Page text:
where the TV distance is defined in Section 1. Besides, denotes the optimal coupling between and , i.e., the joint probability measure of and , which satisfies the following identity [42]:

Combined with Theorem 3, this inequality implies the following useful result:


where we used the fact that the event is equivalent to the event . The remaining task is to relate the probability to . The event ensures that the process does not leave the set when ; however, it does not indicate that the process remains in when . In order to have a control over the whole process, we introduce the following event:

such that the event ensures that the process stays close to for the whole time. By using this event, we can obtain the following inequalities:

By using the same approach, we can obtain a lower bound on as well. Hence, our final task reduces to bounding the term , which we perform by using the weak reflection principles of Lévy processes [43]. This finally yields Theorem 2.

5 Numerical Illustration

To illustrate our results, we first conduct experiments on a synthetic problem, where the cost function is set to . This corresponds to an Ornstein-Uhlenbeck-type process, which is commonly considered in metastability analyses [21]. This process locally satisfies the conditions A1-A5.

Since we cannot directly simulate the continuous-time process, we consider the stochastic process sampled from (7) with sufficiently small step-size as an approximation of the continuous scheme. Thus, we organize the experiments as follows. We first choose a very small step-size, i.e. . Starting from an initial point satisfying , we iterate (7) until we find the first such that . We repeat this experiment times, then we take the average as the ‘ground-truth’ first exit time. We continue the experiments by calculating the first exit times for larger step-sizes (each repeated times), and compute their distances to the ground truth.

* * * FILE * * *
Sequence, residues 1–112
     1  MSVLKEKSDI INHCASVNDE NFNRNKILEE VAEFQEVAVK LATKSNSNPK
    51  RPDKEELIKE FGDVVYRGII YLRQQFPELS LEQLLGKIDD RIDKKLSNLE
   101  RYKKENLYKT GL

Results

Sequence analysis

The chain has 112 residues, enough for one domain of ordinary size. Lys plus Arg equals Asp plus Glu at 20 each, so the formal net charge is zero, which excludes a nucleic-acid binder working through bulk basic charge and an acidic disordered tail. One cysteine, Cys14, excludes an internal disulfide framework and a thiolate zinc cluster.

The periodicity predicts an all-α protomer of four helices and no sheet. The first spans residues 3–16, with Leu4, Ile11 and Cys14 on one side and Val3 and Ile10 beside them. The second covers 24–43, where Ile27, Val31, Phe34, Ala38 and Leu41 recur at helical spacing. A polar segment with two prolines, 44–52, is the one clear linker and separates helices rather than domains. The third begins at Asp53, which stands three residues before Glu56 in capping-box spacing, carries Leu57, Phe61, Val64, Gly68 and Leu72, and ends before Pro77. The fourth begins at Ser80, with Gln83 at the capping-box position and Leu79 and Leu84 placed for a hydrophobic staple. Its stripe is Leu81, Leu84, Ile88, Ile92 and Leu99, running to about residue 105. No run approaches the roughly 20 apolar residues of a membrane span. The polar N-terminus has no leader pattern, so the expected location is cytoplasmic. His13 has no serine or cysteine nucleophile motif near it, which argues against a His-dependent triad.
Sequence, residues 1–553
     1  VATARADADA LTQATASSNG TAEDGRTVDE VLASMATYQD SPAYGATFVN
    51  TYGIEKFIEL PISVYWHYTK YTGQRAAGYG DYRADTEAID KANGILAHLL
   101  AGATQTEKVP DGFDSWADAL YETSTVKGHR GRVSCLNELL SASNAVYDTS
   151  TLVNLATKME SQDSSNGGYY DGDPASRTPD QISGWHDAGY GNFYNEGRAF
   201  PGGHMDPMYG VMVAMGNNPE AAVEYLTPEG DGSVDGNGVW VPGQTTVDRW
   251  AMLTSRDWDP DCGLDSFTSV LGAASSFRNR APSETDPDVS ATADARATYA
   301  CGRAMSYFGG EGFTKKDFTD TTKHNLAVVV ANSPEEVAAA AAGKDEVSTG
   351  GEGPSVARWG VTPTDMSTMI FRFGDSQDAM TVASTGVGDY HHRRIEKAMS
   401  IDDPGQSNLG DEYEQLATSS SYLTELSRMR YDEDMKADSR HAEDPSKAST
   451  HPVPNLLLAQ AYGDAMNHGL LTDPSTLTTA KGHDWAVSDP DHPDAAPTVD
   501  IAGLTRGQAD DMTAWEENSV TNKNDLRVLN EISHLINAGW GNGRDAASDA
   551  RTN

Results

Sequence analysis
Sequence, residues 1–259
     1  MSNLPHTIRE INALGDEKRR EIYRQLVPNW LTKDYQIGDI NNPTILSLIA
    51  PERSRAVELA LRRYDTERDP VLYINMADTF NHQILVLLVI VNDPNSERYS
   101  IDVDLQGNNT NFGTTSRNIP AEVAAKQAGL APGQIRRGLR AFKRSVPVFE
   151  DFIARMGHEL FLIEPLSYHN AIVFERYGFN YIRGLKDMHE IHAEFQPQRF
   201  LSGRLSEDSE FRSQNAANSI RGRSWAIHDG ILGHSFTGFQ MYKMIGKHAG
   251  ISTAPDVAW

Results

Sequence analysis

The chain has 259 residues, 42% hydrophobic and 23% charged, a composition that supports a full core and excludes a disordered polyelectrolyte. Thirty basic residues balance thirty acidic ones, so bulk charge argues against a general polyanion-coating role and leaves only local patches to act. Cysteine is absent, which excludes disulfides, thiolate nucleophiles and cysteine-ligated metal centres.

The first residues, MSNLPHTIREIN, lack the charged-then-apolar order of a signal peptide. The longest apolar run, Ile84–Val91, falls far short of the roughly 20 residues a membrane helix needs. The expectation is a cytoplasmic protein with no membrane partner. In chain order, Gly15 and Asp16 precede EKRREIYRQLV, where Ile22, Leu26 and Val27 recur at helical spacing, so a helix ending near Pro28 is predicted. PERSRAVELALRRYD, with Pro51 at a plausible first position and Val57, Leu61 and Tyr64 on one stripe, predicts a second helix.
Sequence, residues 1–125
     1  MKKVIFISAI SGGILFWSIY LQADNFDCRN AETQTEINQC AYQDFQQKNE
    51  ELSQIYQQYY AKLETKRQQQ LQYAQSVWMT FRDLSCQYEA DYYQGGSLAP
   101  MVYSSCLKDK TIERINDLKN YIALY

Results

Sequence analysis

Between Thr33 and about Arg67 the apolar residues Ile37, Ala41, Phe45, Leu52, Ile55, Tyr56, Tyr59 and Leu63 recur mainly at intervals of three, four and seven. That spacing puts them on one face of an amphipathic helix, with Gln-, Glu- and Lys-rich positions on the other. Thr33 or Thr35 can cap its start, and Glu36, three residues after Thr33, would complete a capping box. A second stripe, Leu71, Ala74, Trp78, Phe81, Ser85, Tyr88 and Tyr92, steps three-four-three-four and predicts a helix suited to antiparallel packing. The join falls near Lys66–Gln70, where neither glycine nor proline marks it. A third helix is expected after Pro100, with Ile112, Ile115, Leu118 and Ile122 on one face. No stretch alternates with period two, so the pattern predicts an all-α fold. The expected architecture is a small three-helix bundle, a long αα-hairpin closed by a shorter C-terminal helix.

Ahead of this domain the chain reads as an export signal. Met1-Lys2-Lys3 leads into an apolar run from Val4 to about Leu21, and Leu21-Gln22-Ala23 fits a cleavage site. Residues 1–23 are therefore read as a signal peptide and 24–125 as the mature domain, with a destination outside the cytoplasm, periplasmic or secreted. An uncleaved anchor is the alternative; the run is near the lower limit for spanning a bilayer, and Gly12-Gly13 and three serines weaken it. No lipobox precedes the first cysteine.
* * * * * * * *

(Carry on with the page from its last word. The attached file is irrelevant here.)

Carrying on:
Figure 2: Results of the synthetic experiments.

The results for this experiment are shown in Figure 2. By Theorem 2, the distance between the first exit times of the discretization and the continuous processes depends on two terms and , which are used for explaining our experimental results.

We observe from Figure 2(a) that the error to the ground-truth first exit time is an increasing function of , which directly matches our theoretical result. Figure 2(b) shows that, with small noise limit (e.g., in our settings, versus ), the error decreases with the parameter . By A6, with increased , we have the term to be reduced. On the other hand, increases with . However, at small noise limit, this effect is dominated by the decrease of , that makes the error decrease overall. The decreasing speed then decelerates with larger , since, the product becomes so large that the increase of starts to dominate the decrease of . Thus, it suggests that for a large , a very small step-size would be required for reducing the distance between the first exit times of the processes. In Figure 2(c), the error decreases when the variance increases. The reason for the performance is the same as in (b), and can be explained by considering the expression of and in the conclusion of Theorem 2.